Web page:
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In this Gustave Dore engraving, Dante and Virgil speak to a Heresiarch trapped within a burning tomb. Dante placed arch-heretics in the Sixth Circle of Hell.

In Christian theology, a heresiarch (also hæresiarch, according to the Oxford English Dictionary; from Greek: αἱρεσιάρχης, hairesiárkhēs via the late Latin haeresiarcha[1]) or arch-heretic is an originator of heretical doctrine, or the founder of a sect that sustains such a doctrine.[1]


Dante's Inferno[edit]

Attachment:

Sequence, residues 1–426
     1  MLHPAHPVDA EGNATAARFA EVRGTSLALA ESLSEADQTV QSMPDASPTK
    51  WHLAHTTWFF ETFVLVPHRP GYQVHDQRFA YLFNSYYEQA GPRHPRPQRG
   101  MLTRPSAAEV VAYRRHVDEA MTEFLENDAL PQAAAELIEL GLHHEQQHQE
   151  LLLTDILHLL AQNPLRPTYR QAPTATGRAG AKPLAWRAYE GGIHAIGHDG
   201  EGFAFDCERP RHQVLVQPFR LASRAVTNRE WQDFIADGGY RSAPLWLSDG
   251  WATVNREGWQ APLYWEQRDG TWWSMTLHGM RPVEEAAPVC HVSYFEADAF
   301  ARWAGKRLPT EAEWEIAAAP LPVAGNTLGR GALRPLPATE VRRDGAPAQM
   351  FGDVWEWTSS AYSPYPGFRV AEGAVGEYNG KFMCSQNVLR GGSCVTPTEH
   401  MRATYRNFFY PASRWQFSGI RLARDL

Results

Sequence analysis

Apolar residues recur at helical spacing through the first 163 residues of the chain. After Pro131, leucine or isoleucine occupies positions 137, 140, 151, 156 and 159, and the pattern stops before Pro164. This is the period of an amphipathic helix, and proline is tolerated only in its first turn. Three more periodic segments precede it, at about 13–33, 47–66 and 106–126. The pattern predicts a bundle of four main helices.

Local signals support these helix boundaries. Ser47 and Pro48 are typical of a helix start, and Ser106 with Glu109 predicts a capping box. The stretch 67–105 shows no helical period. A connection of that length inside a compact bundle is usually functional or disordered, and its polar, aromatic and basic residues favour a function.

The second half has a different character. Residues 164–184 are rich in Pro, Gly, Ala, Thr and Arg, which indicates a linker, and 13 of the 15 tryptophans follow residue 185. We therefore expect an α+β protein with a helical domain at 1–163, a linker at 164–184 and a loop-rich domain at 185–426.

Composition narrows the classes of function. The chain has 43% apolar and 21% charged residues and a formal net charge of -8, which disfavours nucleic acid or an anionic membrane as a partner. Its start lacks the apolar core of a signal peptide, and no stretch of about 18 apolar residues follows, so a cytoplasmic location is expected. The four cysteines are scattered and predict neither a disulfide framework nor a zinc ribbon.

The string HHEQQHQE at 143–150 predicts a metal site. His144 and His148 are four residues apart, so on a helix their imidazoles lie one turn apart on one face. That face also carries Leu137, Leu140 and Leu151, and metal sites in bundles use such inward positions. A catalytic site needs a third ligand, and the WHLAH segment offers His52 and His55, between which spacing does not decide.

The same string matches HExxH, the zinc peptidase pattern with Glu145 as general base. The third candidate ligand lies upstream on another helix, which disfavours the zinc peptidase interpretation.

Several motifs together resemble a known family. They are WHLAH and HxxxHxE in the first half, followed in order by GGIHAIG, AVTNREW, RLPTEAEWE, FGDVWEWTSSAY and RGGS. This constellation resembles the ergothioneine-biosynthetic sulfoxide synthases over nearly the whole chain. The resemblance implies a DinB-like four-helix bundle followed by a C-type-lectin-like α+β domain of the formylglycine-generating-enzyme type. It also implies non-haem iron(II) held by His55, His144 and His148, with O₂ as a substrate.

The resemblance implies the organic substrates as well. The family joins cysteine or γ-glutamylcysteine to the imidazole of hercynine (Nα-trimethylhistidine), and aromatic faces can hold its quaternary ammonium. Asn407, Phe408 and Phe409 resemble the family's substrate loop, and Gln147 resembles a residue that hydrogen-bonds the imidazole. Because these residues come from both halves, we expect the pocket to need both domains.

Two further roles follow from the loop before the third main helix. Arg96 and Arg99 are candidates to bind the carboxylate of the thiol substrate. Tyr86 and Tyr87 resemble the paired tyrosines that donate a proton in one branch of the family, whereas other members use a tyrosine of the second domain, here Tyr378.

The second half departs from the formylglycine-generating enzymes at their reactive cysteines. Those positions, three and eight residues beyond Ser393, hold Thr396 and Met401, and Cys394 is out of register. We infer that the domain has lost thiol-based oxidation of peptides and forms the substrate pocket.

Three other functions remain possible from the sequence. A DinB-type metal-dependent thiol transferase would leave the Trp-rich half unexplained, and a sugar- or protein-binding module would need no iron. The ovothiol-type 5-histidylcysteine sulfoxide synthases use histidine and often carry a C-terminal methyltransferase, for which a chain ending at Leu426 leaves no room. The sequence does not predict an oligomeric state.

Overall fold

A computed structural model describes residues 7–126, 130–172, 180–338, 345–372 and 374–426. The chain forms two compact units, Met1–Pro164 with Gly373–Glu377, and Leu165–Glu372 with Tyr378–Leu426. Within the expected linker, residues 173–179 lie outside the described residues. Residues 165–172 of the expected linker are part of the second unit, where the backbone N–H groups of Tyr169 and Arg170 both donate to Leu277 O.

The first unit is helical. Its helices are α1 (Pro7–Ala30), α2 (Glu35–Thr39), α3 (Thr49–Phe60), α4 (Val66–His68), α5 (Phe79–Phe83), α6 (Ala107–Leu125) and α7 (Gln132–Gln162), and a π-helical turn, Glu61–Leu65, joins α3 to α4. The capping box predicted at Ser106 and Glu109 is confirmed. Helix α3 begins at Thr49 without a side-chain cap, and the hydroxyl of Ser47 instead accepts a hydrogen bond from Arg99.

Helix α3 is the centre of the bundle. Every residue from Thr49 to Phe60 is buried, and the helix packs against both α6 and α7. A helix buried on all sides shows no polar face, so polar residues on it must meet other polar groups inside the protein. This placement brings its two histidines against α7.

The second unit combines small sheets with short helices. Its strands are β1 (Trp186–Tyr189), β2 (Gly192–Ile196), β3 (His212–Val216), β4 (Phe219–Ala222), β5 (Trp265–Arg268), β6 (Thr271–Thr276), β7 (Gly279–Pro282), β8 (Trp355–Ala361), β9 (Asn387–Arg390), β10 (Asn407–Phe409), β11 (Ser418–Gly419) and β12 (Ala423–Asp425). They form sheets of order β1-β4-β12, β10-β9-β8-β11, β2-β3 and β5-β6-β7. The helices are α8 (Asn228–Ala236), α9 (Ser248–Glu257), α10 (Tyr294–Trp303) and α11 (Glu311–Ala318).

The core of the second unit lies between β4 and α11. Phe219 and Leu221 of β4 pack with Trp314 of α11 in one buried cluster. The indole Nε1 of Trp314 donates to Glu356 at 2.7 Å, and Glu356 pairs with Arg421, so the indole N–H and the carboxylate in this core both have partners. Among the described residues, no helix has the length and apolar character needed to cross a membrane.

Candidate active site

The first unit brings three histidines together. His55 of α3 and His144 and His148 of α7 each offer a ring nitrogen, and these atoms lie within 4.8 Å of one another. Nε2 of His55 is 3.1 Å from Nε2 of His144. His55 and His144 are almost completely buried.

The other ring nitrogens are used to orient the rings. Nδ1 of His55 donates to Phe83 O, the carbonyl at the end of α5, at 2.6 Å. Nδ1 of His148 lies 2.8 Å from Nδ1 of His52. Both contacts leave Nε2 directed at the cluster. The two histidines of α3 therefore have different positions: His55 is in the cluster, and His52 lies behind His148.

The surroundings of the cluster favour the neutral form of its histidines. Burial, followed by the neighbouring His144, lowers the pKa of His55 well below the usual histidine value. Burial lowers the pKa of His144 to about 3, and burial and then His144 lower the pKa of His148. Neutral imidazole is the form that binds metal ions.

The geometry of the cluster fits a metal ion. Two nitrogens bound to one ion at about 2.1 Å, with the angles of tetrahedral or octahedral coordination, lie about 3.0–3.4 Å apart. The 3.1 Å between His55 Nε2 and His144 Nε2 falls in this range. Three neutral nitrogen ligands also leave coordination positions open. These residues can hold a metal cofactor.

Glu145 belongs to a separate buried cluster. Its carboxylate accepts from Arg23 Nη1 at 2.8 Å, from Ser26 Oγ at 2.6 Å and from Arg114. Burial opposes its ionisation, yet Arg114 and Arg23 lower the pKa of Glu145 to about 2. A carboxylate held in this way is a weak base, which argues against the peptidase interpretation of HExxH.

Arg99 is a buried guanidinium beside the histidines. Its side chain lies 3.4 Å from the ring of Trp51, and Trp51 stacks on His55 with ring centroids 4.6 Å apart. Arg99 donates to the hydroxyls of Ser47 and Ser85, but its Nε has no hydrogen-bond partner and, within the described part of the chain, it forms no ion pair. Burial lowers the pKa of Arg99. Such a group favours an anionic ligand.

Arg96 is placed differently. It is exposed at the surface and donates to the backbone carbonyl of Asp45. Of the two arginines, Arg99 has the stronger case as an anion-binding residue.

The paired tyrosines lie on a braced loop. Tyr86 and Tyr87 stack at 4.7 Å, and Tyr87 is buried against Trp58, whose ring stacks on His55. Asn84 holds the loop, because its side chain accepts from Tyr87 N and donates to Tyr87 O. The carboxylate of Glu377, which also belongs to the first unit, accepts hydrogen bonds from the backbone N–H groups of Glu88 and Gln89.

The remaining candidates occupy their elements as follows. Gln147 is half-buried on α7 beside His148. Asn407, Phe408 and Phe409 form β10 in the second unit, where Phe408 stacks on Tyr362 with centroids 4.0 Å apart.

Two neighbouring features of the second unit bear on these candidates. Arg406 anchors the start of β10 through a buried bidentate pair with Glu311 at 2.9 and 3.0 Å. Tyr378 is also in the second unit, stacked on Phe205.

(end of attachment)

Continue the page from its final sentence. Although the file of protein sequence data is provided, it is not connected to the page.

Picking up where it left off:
In his Divine Comedy, Dante Alighieri represents the heresiarchs as being immured in tombs of fire in the Sixth Circle of Hell. In Cantos IX and X of the Inferno, Virgil describes the suffering these souls experience, saying "Here are the Arch-Heretics, surrounded by every sect their followers... / Like with like is buried, and the monuments are different in degrees of heat."[4] Among the historical figures that Dante specifically lists as arch-heretics are Epicurus, Farinata Degli Uberti, Frederick of Sicily, and Pope Anastasius II.

See also[edit]